So, if a scientist has an advantage because they are a native English-speaker, in what ways is there a real competition between them and a scientist who is a non-native speaker? For Tonkin, the fact that conferences/papers etc are nearly all in English, therefore, such native speakers have not had to dedicate years of study to learning English and that they may be able to express their ideas more easily, is clearly an advantage. We would ask, Tonkin, however, in what ways does your average research scientist control their sphere of work and make the decisions with respect to grant allocations, editorial boards of journals, conference speakers, etc.? Clearly, for those successful in the game, it is in their individual interest to perpetuate and intensify the inequality embodied in these rules but this is not necessarily the same for all particpants, especially those at the bottom of the ladder.
At MTG we do not see individuals as embodying power. Not that power cannot be exercised by individuals rather that such power is drawn from wider social relationships such as class, gender and race. Therefore, we see no economic advantage in language per se, only in the uses it is put to. It is rather like suggesting to a villager in the Niger Delta, that they are so advantaged to have oil in their region, he or she will of course reply that the discovery and exploitation of oil has led to enormous misery. A member of the Nigerian ruling class, paid handsomely by the oil company, will, of course, appear more positive about such rich deposits of oil in that region. This is the power of social class, and the power of Shell Oil is the power of imperialism.
Here, therefore, we disagree with all the advantage/disadvantage of the native speaker theorists as English is merely a resource which is the site of power struggles. For some people , the fact that people speak English, have learnt English or are learning English has had enormous advantages, but this advantage cannot be generalised to all native English speakers and we cannot forget that non-native English speakers (even non English speakers) can benefit enormously from English.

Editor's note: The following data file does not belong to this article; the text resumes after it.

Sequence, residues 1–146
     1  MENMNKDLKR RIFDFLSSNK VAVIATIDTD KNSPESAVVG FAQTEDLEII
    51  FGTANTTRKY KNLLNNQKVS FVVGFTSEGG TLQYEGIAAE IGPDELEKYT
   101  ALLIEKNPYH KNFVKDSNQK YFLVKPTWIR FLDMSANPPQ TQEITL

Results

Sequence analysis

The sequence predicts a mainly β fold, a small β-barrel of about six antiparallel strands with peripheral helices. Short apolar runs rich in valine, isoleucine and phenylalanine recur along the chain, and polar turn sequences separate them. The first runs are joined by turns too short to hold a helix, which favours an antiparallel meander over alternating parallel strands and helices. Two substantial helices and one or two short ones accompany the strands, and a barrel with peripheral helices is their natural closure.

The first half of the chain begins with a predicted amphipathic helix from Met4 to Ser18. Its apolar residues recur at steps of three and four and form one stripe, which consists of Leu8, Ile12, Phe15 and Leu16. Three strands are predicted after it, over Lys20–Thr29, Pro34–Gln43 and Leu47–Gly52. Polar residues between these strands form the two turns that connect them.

Imagine two scenarios:
A: Joan leaves Southampton, England and goes to Italy to teach English. After five years, she starts her own school in Milan on money borrowed from the UK. She imports her books from the UK and the majority of her students go to study every year in Cambridge for one month. 40% of her students end up studying at British Universities and working for English multinationals based in Italy. Joan retires in England, buying a beautiful country house.
B. Joan leaves Southampton, England and goes to Germany to teach English. She works for Andreas in Hamburg. Unbeknown to Joan, she only uses books from publishers owned by German companies and whose editions are printed in Germany. Five of her students become research scientists for a large German pharmaceutical company. These students develop a cure for cancer (using English to liaise effectively with other scientists/scientific findings). Another one of her students oversees the takeover of a large pharmaceutical company in England by this new prosperous German multi-national. Profits are enormous as this company expands its operation all over the world (English being the shared business language of middle-management). One of the research scientists, Manuela, marries Joan and they live happily ever after in Hamburg.
As can be seen from these two examples, the economic advantage of English is never so straightforward, not even on a national level. The simple fact is that we cannot talk broadly about native English speaker advantage (disadvantage), it must be demonstrated. This is not to excuse the status quo. We agree with Tonkin when he talks of the enormous harm that this obsession with publications in English causes. After all, surely a scientist’s value lies in their scientific capabilities and not in their mastery of a particular second language. Yet, in the world of profit making, information sharing is not of the utmost priority (indeed it is all too often discouraged).
It is not only linguistic inequalities in science that need to be addressed but the very class, race and gender bias which holds humanity back from the very solutions required to the enormous problems we collectively face. By placing the blame on native English speakers, we miss the real powerful interests that stunt the growth of a truly egalitarian international scientific community, capable of facing these challenges.